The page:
In our day and age we conveniently segment our issues and concerns into similar boxes of the case for this or the case for that — usually ignoring the implicit moral values upon which those cases are made. So often we have the right answer to the wrong question because we don’t examine the moral implications of the question itself. And because we miss the heart of the matter, we see no need to change and, therefore, no need to be courageous.
What can we do today?
Find our courage. When our children tell our story, what do we want that story to convey?
Your act of courage will be different than mine and our stories different still. Courage is about taking a stand to change the course of events for some higher purpose. We don’t have to give up our lives to be courageous, but we do have to take a risk, step outside our established habits of thought and action. We have to bet against the odds. Many times we have to take our place in completing a larger puzzle when all the pieces are not known or even yet to be made.
Look into your daily lives on a daily basis to find opportunities to practice small acts of courage. They will lead to bigger ones. And others will join you. Together you will act more boldly addressing our intolerable truth. So when our children tell our stories of how we faced our nation’s moral crisis, they will have many from which to choose.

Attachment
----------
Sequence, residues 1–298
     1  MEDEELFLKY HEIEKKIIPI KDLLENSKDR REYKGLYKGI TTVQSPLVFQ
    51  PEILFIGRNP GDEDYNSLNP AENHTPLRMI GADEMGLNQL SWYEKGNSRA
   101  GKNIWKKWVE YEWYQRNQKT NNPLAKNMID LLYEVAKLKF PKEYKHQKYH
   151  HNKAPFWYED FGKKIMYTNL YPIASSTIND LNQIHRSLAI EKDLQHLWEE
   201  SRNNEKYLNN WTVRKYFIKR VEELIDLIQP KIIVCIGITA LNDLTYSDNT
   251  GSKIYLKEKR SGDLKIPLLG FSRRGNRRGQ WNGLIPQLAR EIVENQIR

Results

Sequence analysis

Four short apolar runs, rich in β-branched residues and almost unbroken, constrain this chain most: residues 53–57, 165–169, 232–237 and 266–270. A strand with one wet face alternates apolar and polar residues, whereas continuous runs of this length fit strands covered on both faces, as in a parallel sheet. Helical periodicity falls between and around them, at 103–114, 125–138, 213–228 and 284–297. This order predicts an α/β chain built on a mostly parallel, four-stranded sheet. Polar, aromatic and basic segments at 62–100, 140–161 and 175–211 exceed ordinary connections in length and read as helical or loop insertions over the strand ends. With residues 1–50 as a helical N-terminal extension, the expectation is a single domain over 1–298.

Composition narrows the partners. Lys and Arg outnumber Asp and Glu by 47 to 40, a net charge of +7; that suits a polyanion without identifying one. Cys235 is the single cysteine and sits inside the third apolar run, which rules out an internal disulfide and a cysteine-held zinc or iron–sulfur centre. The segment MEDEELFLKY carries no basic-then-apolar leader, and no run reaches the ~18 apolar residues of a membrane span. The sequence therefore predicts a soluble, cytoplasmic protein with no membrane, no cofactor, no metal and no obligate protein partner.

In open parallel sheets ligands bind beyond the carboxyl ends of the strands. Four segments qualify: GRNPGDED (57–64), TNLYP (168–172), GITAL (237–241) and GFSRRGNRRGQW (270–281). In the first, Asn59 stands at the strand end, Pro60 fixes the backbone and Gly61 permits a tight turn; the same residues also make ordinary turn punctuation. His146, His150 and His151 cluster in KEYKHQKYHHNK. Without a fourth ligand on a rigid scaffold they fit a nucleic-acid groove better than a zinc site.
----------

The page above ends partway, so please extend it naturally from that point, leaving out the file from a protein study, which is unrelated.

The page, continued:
Reinventure Capital is an act of courage for Julianne and me. Daily we make the case that inequity in the allocation of risk capital is alive and well. Daily we make the case that financial opportunity abounds for those willing to address this inefficient and destructive asymmetry. Daily we make the case that marrying non-concessionary returns and intentional impact can be done and has been done.* And daily we do so knowing that at the heart of what we do there is a moral challenge we are answering.
Join us. Drop us a note; we’d love to hear from you.
* While there’s no such thing as a guarantee in investing and no one can reliably predict the future, Ed’s record at UNC Ventures provides direct evidence that it is indeed possible to consistently invest for both financial returns and social value creation. To learn more, please contact us.